The Benefits of Chocolate (not quite neonatology, but relevant in the middle of a night on call)

A new publication in the Prestigious New England Journal of Medicine (that is how the news media always refer to it, I think they should change the abbreviation to PNEJM) Messerli FH: Chocolate consumption, cognitive function, and nobel laureates. New England Journal of Medicine, online first October 10, 2012,  shows that chocolate consumption per capita is very strongly correlated with number of Nobel Prize winners as expressed as a proportion of the population. The correlation is much better than you would usually find in an epidemiology publication. While the authors are appropriately cautious about implying causality, they do suggest that either chocolate makes you smarter, or that smarter people choose chocolate. Readily testable hypotheses, with large simple RCTs. I just don’t want to be randomized to placebo, thanks.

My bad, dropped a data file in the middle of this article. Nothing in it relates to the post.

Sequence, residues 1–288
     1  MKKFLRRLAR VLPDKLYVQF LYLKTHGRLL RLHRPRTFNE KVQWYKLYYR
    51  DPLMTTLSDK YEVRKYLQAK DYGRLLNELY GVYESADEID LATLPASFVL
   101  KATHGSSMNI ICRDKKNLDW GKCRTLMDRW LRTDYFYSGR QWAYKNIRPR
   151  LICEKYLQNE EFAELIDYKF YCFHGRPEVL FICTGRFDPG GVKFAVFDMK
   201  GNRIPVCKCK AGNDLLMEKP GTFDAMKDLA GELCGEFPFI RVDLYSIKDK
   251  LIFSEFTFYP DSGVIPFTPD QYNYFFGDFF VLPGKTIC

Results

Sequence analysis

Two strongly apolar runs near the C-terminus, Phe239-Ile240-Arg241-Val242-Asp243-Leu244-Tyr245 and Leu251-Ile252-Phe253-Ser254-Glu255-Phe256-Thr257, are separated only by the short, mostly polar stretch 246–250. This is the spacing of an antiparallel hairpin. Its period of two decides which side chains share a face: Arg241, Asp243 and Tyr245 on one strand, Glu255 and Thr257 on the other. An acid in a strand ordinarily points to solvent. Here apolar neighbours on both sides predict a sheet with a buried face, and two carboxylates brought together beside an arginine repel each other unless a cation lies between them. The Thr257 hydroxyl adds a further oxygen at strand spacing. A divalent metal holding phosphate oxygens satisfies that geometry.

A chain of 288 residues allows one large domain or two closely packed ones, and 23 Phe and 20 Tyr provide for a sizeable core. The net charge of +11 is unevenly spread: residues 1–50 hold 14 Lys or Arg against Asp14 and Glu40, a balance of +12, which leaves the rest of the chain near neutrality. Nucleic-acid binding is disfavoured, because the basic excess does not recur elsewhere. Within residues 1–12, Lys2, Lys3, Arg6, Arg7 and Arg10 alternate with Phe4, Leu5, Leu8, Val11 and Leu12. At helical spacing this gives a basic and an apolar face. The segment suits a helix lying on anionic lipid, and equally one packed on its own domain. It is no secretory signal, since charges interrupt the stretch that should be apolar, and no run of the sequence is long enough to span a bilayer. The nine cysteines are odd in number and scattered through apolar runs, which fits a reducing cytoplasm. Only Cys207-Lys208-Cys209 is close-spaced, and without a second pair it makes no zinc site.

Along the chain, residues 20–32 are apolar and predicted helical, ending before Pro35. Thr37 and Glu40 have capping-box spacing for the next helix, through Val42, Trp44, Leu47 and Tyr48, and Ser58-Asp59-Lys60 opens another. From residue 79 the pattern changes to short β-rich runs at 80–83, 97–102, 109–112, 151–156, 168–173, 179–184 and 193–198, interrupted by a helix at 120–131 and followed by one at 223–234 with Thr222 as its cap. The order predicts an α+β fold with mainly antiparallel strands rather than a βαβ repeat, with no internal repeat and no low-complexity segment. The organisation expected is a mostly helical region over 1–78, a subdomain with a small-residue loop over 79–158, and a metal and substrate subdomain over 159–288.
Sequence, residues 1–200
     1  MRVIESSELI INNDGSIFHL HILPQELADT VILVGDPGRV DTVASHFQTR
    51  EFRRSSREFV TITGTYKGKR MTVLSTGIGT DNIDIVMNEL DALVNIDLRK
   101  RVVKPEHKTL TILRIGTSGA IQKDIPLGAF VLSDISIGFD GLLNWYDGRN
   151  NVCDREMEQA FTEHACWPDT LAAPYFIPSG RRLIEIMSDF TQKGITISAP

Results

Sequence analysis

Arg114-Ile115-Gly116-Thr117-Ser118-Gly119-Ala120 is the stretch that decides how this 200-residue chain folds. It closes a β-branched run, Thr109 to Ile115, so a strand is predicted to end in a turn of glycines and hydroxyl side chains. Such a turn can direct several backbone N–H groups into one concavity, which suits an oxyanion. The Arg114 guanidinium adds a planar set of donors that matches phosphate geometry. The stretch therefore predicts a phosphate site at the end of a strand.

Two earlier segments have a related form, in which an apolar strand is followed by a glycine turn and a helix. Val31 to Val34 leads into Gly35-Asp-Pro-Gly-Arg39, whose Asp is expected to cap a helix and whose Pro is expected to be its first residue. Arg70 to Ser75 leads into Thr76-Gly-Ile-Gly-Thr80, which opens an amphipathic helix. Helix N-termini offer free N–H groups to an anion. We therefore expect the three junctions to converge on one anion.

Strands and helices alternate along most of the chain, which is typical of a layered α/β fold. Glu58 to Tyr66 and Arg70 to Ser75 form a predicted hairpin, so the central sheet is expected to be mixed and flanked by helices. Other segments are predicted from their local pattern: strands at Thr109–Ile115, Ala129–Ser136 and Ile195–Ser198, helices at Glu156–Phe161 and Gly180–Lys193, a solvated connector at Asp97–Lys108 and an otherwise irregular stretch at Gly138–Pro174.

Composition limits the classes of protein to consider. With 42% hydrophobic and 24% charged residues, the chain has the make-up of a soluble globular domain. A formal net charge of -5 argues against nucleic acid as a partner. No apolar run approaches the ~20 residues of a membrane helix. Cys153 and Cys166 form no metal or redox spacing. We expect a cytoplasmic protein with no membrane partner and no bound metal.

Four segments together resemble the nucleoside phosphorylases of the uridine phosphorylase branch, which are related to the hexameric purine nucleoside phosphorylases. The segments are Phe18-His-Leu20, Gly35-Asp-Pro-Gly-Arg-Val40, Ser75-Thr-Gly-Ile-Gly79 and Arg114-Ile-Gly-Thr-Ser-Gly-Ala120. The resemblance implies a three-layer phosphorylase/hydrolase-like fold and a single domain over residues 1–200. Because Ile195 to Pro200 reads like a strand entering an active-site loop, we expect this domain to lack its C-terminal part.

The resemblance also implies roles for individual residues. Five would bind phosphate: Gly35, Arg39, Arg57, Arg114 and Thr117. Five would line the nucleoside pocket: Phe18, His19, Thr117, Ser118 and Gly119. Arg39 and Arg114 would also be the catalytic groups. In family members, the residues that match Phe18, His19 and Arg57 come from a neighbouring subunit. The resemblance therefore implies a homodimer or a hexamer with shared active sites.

About Keith Barrington

I am a neonatologist and clinical researcher at Sainte Justine University Health Center in Montréal
This entry was posted in Neonatal Research. Bookmark the permalink.

1 Response to The Benefits of Chocolate (not quite neonatology, but relevant in the middle of a night on call)

  1. Martin Offringa says:

    Thanks, Keith.
    I bet you that in the PNEJM study the laureates were the ones in their countries that did NOT like chocolate (and the whole hypothesis is based on the ecological fallacy Or…..?
    Martin (chocolate lover, though)

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